Guatemalan Army Officer Convicted in U.S. Courtroom for Lying about Dos Erres Massacre
A California jury found former Guatemalan lieutenant Jorge Sosa Orantes guilty on two counts of naturalization fraud today, concluding that he deliberately hid his role in the gruesome 1982 Dos Erres massacre when applying for U.S. citizenship years later.
The verdict followed a week of harrowing testimony from two former soldiers and a survivor of the massacre before the federal jury in Riverside, California. According to the Associated Press, the 55-year-old Sosa Orantes will be sentenced on December 9.
The witnesses described how Sosa Orantes led a unit of Kaibil soldiers in killing dozens of men, women, and children in the tiny settlement of Dos Erres in northern Guatemala over several days in December 1982. The crimes went uninvestigated by the Guatemalan state until a team of Argentine forensic anthropologists unearthed a well in the middle of the town in 1994-95 and found the remains of more than 160 people. Two members of the Kaibil unit came forward and gave details of the massacre to Aura Elena Farfán, director of Families of the Disappeared and Detained (FAMDEGUA) in Guatemala.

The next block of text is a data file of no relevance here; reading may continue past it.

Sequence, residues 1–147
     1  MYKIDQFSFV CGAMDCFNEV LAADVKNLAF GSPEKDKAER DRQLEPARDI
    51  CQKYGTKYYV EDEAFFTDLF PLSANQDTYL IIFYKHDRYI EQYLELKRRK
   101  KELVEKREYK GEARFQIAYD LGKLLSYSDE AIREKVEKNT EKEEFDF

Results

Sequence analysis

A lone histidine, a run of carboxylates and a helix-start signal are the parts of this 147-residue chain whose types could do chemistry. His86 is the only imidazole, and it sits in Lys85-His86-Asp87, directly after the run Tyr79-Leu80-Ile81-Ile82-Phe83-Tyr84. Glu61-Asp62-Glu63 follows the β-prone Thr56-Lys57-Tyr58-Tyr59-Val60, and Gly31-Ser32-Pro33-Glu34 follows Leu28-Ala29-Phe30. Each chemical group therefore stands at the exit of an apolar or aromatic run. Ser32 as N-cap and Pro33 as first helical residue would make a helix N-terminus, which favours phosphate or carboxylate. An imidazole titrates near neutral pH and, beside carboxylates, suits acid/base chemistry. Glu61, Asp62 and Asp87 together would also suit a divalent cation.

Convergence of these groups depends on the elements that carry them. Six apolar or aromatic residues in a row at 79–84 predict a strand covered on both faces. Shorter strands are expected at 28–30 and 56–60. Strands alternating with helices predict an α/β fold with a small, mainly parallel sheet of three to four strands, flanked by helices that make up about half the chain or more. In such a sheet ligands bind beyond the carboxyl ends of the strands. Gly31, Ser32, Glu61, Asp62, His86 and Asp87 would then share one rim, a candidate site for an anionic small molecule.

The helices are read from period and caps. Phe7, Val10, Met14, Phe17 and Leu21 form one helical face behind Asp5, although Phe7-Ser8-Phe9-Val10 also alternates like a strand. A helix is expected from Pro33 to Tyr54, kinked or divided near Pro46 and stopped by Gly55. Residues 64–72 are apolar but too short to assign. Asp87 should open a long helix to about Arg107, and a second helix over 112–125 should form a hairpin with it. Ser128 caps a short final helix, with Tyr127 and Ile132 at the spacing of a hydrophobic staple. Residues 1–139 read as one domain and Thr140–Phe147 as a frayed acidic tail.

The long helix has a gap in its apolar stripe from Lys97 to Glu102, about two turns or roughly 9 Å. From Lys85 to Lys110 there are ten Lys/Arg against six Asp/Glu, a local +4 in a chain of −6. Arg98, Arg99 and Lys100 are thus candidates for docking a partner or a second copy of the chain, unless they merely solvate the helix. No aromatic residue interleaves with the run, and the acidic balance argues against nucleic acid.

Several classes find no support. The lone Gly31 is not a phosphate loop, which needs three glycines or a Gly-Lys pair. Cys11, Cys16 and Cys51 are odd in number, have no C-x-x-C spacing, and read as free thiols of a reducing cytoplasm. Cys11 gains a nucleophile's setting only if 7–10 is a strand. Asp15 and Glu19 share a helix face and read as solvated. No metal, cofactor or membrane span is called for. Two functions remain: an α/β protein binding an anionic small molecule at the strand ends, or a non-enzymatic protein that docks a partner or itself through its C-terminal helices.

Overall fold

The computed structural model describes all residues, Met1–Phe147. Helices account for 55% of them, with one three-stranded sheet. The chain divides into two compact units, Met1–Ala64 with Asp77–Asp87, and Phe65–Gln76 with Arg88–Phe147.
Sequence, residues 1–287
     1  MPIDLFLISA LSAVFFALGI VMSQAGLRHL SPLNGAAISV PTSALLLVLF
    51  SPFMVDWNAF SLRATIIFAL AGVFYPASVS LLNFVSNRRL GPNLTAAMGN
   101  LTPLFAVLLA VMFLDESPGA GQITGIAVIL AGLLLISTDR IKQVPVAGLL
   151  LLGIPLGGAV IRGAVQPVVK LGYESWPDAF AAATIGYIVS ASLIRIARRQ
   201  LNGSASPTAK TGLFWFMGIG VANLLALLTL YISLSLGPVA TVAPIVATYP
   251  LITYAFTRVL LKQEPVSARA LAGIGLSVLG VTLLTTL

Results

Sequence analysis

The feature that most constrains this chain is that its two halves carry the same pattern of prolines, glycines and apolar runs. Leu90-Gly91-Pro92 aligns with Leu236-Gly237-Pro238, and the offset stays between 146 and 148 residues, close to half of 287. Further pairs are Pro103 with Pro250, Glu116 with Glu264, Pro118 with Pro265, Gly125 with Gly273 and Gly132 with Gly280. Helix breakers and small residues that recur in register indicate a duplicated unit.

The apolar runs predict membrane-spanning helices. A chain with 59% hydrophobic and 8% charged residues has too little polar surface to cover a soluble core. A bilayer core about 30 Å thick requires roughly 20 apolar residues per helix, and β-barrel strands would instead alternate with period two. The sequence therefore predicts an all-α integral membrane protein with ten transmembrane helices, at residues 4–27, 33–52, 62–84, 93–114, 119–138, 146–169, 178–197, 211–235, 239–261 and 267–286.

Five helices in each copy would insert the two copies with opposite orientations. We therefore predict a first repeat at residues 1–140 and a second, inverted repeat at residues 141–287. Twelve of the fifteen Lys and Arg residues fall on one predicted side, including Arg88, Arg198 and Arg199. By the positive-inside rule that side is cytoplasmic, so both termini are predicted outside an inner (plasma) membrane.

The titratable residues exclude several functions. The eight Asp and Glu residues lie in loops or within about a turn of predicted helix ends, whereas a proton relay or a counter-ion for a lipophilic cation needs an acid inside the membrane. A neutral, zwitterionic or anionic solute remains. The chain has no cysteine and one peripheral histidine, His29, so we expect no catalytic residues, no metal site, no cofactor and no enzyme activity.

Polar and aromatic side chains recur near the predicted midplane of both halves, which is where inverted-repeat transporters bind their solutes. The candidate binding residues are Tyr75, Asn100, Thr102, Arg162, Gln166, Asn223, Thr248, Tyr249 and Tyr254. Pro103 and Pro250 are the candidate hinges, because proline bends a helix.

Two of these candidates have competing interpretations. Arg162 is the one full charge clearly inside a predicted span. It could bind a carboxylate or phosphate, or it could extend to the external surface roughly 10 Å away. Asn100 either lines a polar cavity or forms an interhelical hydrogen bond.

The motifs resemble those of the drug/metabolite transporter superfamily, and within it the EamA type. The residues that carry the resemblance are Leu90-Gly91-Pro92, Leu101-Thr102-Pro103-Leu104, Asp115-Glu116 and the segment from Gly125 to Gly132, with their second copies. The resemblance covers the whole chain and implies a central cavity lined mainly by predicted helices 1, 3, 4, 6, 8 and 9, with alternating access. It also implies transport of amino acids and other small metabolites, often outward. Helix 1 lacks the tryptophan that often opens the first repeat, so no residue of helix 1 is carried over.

Even then the case languished in the justice system, until U.S. Justice Department prosecutors from a special human rights unit won a conviction against Gilberto Jordán, another member of the Kaibil unit who took part in the massacre, on similar charges in a Florida courtroom in 2010. Since then, five members of the Guatemalan army have been tried and convicted for the Dos Erres killings in Guatemalan tribunals.
Jordán, who is serving out his ten-year sentence in a U.S. federal prison, was a key witness in the Sosa Orantes hearing. His emotional testimony is described in ProPublica’s account of the trial.
The National Security Archive obtained declassified U.S. documents regarding the Dos Erres massacre through Freedom of Information requests sent on behalf of our Guatemala Documentation Project in 1995. The documents reveal shortly after the Kaibil operation, U.S. officials investigated the massacre and concluded that the Army was the only force capable of such an organized atrocity. Read some of the documents released here.